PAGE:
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19 October 1908
Hackney, London, England
|Died||17 March 2003 (aged 94)|
|Occupation||Actor, disc jockey, radio presenter|
|Spouse(s)||Pearl Rebuck (1941–2003, his death)|
|Children||Brian and Linda|
Alan Keith, OBE (born Alexander Kossoff; 19 October 1908 – 17 March 2003) was a British actor, disc jockey and radio presenter, noted for being the longest serving and oldest presenter on British radio by the time of his death aged 94.
Alexander "Alec" Kossoff was born in Hackney, London, the eldest of three children of Russian-Jewish parents. He was educated at Dame Alice Owen's School in Islington, and in 1926 he won a scholarship to the Royal Academy of Dramatic Art, where he anglicised his name to Alan Keith. He graduated in 1928 with the silver medal, and spent the next eight years on the West End and Broadway stage.
By 1935, Alan Keith was already an established voice on BBC radio, appearing in dozens of radio plays as a member of the drama stock company and spending three years as an interviewer for In Town Tonight. He also acted in films, appearing in Dangerous Moonlight (1941), The World Owes Me a Living (1945), The Long Knife (1958) and Yesterday's Enemy (1959). In pre-war television broadcasts, he discovered he had a facility with American accents, and he continued to play American characters on television and radio through the 1940s and 1950s.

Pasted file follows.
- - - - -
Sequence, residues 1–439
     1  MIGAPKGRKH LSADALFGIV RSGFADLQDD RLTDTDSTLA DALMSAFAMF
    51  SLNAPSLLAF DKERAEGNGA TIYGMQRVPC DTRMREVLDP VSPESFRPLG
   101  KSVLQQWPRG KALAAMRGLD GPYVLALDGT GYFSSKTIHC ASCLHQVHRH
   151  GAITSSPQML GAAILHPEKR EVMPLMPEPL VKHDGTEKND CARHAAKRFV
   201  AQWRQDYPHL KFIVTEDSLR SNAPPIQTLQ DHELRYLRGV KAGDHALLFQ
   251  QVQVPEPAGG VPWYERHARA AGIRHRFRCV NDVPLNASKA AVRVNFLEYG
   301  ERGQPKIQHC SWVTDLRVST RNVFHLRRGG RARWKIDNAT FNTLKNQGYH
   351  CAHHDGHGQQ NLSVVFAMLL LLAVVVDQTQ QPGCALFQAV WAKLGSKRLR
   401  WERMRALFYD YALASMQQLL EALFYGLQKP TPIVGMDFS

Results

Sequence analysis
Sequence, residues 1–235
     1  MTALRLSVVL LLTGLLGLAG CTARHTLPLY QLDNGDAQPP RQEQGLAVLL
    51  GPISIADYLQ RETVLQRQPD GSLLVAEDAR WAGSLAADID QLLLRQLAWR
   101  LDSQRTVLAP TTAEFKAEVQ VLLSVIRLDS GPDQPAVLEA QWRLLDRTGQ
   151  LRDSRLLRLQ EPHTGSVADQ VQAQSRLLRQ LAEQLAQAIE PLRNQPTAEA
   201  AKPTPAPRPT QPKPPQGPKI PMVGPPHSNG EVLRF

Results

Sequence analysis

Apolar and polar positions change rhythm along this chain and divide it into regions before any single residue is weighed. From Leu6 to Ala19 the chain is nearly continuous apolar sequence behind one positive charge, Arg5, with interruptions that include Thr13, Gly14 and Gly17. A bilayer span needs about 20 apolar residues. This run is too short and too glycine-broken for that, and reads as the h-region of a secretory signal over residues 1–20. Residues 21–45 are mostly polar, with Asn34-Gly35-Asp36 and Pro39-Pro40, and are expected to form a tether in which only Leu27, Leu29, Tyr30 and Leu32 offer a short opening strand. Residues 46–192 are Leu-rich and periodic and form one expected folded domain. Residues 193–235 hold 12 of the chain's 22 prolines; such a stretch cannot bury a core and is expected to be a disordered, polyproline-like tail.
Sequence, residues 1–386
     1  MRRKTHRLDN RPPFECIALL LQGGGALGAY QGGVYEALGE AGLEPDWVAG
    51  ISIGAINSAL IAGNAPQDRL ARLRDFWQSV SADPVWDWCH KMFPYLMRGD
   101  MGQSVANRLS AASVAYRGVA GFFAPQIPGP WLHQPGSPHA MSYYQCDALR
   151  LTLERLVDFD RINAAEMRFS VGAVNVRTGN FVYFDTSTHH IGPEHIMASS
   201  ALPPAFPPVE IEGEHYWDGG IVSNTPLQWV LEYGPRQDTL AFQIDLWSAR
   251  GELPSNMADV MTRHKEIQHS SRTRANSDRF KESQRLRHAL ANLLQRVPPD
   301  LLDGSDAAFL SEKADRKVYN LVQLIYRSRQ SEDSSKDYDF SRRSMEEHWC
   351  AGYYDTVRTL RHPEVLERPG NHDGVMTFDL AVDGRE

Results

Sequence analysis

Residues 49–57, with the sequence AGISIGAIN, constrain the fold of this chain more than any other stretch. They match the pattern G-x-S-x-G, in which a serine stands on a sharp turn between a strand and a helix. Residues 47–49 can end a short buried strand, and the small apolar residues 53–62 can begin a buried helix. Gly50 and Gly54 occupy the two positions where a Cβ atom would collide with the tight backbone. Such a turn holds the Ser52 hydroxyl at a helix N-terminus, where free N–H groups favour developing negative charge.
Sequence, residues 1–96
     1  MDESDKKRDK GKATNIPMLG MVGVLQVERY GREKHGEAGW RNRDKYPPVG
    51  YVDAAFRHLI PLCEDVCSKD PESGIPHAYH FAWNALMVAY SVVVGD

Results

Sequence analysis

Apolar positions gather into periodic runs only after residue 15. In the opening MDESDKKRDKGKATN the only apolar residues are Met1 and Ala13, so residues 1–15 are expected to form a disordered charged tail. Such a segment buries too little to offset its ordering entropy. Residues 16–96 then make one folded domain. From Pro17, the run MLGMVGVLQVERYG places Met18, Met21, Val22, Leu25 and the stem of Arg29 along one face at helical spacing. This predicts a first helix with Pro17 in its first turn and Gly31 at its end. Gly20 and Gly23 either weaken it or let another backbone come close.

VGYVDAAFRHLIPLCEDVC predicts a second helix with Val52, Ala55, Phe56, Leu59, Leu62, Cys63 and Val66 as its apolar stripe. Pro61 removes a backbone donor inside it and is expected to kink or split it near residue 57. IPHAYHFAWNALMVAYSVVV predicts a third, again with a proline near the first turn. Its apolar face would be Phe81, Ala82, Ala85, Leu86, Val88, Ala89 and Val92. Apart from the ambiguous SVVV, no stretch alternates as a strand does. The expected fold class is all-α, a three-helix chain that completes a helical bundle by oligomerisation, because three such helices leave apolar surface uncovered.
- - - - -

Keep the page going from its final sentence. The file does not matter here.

Your Hundred Best Tunes
Beginning in the early 1950s, he devoted time to devising and presenting music programmes for the BBC. In 1959, he devised Your Hundred Best Tunes, a programme of famous classical music, operetta and ballads. Keith chose the original 100 pieces himself. Many works were suggested by listeners and played in the programme. Thus a good many more than 100 works were played and the list evolved. Therefore, in subsequent years, a 100 Best were periodically voted for by listeners. Keith was awarded an OBE in 1991 for services to broadcasting. In early March 2003, at the age of 94, he recorded an announcement that he intended to retire from the programme after 44 years. However, he fell ill almost immediately afterwards, and died soon after; his final programme was broadcast 12 days after his death.
In the mid-1960s Keith's "wild" and beautiful teenaged daughter, Linda Keith, became well connected culturally in the early days of "Swinging London". She was photographed by David Bailey and, together with Shiela Klein, partner of the Rolling Stones' manager Andrew Oldham, was at the heart of a bohemian community in London's West Hampstead. She formed relationships with Keith Richards of the Stones and, later in New York, Jimi Hendrix, but drifted into drug dependency. Richards appears to have been instrumental in Alan Keith's going out to America to find his daughter. On their return she was made a ward of court. She later brought up her own family and, in 2010, was living in New Orleans. According to Richards, Linda Keith was the subject of the Rolling Stones song "Ruby Tuesday". The song includes the lyrics "[w]hen you change with every new day / Still I'm gonna miss you".
- The Avenging Hand (1936) - Receptionist (uncredited)
- Dangerous Moonlight (1941) - (uncredited)
- Give Us the Moon (1944) - Raphael
- The World Owes Me a Living (1945) - Flying circus manager (uncredited)
- The Long Knife (1958) - Dr. Ian Probus
- Yesterday's Enemy (1959) - Bendish (uncredited)
- 80,000 Suspects (1963) - Health Inspector Sanders (uncredited)
- "Variety Club - Jewish Chronicle colour supplement "350 years"". The Jewish Chronicle. 15 December 2006. pp. 28–29.
- Daily Telegraph obituary, 19 March 2003
- Who's Who (1992 and annually); Whitaker's Almanack, annually
- Anthony Barnes (19 March 2003), "Keith; The radio broadcaster who brought the best tunes to the nation over six decades", The Herald; Guardian obituary, 19 March 2003
- Keith Richards (2010) Life